By MYRA THRIFT, Staff Writer
Fourteen state’s witnesses took the stand and delivered testimony in the murder trial of Clinton Lee Davis Tuesday. They included police officers, EMTs, a GBI photographer, a GBI forensics specialist and one brave little 5-year-old boy who was a victim of the Nov. 7, 2015 shooting rampage that killed his mother, Shanique Shanice Bellamy, 24, and wounded his baby brother.
The lad, Cameron Davis, the biological son of the defendant who was 3 on the night he and his family were shot, walked into the courtroom, sat in the witness chair and lifted his hand to swear to tell the truth. He was asked if he knew the difference in the truth and lying and what happens when someone tells a lie. He answered: “Yes. You get in trouble.”
Assistant District Attorney Michelle McIntyre asked him if he could remember what happened on Nov. 7, 2015. He was not timid in his answer.
“Yes, my daddy shot my mom and my brother and me,” the boy said.
The defense immediately called for a recess and questioned the testimony of such a young witness. Minutes later, with the jury back in the courtroom and the child back on the stand, he was asked if he saw who shot him with his own eyes. He answered yes. He also picked out a photo of the defendant in a photo collage presented to him by Waycross police in 2016, the prosecution noted.
Young Cameron’s testimony came early in another long and laborious day, the second in a row, of testimony, a large portion of which was spent with the prosecution and defense arguing at length the fine points of law that govern what can and cannot be presented to a jury.
Judge Dwayne Gillis declared shortly before 7 p.m. it was time for a supper break and instructed everyone to be back in the courtroom at 7:45 ready to continue, “… possibly until 10 p.m.” But the day’s proceedings ended at around 8:30 p.m.
The jury, witnesses and court officials were instructed to be return at 8 o’clock this morning. The prosecution said Tuesday it would present eight or 10 more witnesses before resting.
The trial could last into the weekend.
Following the child’s testimony, the state brought out a line of emergency responders to the scene of the shooting that claimed the life of Shanique Bellamy at her home at 618 Owens St. just before 2 o’clock on that Saturday morning. Each one told of finding the “obviously pregnant” woman lying in a pool of blood and the two children who had been wounded by gunfire.
Former Waycross Police Officer Michael Strickland testified he was first on the scene and the first thing he heard was babies crying, that he saw the woman on the bed and checked her but found no pulse. A child was on the bed with her with apparent wounds.
Strickland said he attended to the boy who had two gunshots in a leg and one in an arm. This testimony coupled with video prompted tears from the witness and the defendant.
Davis dropped his head and an attorney handed him a handkerchief as the officer’s body camera evidence was played, depicting the chaotic scene at the Owens Street house. The witness, Strickland, wiped his eyes as Cameron was seen on the video crying and writhing in pain from the shooting.
Police Sgt. Caleb Jones took the stand and told of all he saw that night, arriving soon after Strickland did and helping to care for the children until EMTs arrived and took over aid.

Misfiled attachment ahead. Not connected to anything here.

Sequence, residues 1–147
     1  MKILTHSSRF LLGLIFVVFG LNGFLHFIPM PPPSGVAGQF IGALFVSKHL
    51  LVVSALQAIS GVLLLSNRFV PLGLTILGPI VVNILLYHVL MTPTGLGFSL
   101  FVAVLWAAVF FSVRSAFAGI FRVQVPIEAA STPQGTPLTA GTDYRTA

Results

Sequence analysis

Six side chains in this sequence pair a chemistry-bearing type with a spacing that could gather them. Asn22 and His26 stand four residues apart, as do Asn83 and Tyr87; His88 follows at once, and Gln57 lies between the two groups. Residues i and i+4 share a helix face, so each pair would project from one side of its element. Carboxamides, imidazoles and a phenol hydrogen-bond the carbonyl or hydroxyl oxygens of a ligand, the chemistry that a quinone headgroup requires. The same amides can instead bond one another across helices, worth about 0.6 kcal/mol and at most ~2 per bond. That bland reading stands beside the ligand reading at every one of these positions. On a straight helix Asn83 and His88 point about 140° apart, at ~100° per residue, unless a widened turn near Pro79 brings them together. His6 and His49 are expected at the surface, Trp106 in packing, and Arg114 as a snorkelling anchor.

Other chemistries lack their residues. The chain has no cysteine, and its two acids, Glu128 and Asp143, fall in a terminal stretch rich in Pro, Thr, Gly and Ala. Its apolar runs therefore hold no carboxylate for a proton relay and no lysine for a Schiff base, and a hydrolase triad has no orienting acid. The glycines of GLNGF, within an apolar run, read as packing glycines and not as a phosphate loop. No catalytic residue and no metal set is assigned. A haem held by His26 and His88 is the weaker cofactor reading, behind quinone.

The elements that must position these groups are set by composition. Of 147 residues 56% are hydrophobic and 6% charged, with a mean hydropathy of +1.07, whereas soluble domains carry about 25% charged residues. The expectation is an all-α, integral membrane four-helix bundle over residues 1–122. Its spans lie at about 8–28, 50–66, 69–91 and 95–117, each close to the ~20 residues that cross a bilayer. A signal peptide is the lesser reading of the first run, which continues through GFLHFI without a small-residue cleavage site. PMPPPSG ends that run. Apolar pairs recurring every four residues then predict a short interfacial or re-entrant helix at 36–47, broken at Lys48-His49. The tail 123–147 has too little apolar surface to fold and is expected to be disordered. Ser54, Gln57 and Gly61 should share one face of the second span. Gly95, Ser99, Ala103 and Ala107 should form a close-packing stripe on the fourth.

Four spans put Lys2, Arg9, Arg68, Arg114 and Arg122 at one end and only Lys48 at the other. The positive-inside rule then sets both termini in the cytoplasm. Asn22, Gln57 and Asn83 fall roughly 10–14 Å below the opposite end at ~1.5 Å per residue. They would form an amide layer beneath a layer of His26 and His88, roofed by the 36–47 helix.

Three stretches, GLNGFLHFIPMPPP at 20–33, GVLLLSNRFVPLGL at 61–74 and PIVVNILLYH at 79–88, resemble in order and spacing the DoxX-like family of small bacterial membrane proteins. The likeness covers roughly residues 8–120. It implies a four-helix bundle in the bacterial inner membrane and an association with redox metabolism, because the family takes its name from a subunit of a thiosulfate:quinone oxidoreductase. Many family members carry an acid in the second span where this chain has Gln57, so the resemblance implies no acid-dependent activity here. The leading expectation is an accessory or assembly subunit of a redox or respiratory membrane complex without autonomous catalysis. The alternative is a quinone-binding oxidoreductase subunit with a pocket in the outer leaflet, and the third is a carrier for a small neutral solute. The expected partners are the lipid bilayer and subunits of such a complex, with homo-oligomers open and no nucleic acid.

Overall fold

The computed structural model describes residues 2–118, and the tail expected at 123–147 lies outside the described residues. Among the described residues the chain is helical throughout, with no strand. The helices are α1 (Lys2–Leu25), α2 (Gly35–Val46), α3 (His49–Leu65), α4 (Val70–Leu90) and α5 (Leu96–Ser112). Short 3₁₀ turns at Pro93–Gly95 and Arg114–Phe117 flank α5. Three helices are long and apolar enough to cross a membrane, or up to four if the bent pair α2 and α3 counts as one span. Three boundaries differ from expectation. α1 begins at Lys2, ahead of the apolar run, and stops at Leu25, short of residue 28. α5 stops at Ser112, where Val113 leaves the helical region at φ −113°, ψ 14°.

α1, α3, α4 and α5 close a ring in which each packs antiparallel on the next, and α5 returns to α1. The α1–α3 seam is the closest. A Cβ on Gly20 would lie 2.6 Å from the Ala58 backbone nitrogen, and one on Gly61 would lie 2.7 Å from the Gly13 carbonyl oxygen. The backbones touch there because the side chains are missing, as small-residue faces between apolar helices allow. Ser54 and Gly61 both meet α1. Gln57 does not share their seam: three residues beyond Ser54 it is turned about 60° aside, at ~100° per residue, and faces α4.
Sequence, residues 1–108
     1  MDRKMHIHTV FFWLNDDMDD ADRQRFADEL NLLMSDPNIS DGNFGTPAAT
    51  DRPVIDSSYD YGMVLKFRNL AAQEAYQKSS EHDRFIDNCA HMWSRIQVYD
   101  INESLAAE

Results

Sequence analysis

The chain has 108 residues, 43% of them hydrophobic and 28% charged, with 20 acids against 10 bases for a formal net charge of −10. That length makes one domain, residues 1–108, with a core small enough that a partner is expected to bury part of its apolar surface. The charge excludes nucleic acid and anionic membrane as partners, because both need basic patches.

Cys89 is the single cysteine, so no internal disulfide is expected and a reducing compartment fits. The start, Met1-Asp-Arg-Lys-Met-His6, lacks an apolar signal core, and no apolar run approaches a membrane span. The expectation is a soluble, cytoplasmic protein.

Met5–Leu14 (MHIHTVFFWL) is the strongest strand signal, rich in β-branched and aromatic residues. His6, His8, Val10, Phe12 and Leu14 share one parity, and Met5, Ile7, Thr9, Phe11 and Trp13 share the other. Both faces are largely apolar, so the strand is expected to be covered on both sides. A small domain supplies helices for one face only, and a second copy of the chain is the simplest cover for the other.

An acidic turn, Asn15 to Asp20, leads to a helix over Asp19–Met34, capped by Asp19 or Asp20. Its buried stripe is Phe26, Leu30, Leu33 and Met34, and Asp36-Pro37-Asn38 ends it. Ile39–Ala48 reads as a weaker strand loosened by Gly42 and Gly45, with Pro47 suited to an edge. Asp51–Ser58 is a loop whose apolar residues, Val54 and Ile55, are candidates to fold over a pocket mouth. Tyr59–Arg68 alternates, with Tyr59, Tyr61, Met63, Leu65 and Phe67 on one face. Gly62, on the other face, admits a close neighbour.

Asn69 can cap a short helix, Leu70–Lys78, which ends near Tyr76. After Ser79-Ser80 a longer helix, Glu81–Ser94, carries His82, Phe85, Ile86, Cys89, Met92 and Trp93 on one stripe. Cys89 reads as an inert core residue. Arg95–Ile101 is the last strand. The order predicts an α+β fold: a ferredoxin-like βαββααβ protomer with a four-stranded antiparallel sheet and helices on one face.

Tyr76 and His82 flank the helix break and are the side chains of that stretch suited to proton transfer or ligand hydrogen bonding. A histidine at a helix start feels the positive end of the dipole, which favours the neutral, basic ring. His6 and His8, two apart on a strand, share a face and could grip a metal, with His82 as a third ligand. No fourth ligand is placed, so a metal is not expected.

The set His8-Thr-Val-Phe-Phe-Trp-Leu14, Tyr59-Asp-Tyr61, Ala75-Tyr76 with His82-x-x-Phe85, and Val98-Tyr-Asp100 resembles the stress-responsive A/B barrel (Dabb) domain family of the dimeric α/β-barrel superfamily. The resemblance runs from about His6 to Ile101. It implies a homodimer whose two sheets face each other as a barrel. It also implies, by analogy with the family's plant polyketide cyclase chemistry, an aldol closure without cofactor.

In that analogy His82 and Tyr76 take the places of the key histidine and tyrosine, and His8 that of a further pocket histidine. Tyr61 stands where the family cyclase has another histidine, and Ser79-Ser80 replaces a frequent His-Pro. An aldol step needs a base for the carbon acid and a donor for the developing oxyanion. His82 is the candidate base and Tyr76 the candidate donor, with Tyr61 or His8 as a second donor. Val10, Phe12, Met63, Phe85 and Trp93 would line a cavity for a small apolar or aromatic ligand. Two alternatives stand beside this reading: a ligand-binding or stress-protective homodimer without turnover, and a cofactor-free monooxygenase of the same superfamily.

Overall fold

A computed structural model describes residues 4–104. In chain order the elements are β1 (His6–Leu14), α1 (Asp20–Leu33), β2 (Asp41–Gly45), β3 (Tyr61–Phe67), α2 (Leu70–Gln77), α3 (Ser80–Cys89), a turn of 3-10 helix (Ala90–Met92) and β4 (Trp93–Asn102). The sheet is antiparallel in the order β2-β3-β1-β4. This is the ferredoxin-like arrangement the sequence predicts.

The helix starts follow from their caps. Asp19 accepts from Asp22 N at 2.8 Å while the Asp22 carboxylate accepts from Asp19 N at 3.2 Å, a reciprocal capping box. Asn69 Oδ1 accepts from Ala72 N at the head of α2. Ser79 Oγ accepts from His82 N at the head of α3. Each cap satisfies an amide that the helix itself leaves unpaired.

Police Lt. Kylie Carter, who was in command at the scene, testified she issued an all points bulletin for Davis after other family members in the house gave her information on him. Carter also ordered a BOLO (be on the lookout) for his silver Cadillac sedan. Her body camera video showed a chaotic scene with people screaming and crying at learning their loved one had died.
Police Detective Missy Thrift said she helped process the scene and catalog items seized and was asked to identify some of them including a child’s white T-shirt covered in what appeared to be blood, a bloody pillow and a bloody comforter and sheet off the bed where Bellamy was shot and killed.
Alexis Brown, who assisted with the autopsy of Bellamy and took photos of her body, identified the photos that were to be presented later in court including a picture of the unborn baby (the court calls it a fetus) that was removed from Bellamy’s body.
The defense argued that photos of Bellamy were “gratuitous nudity, indignant.” Attorney Jerry Word asked if some of the photos could be left out to show a little modesty toward the victim. Assistant DA Charles Watkins. arguing relevance, told the judge that each photo shows a specific gunshot wound and the close-up photos show gunshot powder burns on her skin.
Dr. Edmund R. Donoghue, a forensics specialist with the GBI (with a long list of credentials from Notre Dame, Michigan Medical Center, the U.S. Navy and Mayo Clinic) testified Bellamy had eight gunshot wounds in her body that could have been as few as four bullets (because of entry and exit wounds).
He said Bellamy died from gunshot wounds and that her unborn baby died because she died, after her heart failed to pump blood to provide oxygen for the unborn child.
Waycross Police Detective Larry Hill testified and showed photographs of the crime scene with numerous shell casings on the floor and bullet fragments, some of which went clear through a mattress and box springs and fell onto the floor beneath.
Hill said he released the body to EMTs and that at the local hospital morgue Ware County Coroner Atha Lucas determined she was indeed dead.
After daylight on Nov. 7, 2015, Hill and Detective Teresa Grant drove to the Camden County Sheriff’s Department where Davis was being held after being taken into custody, Hill testified. Police have said Davis fled to his apartment in St. Marys after the shooting. Hill said he tested Davis’s hands for gunshot residue and gathered a DNA sample, along with the clothing and shoes he had been wearing, then obtained a search warrant and searched Davis’s apartment and Cadillac car.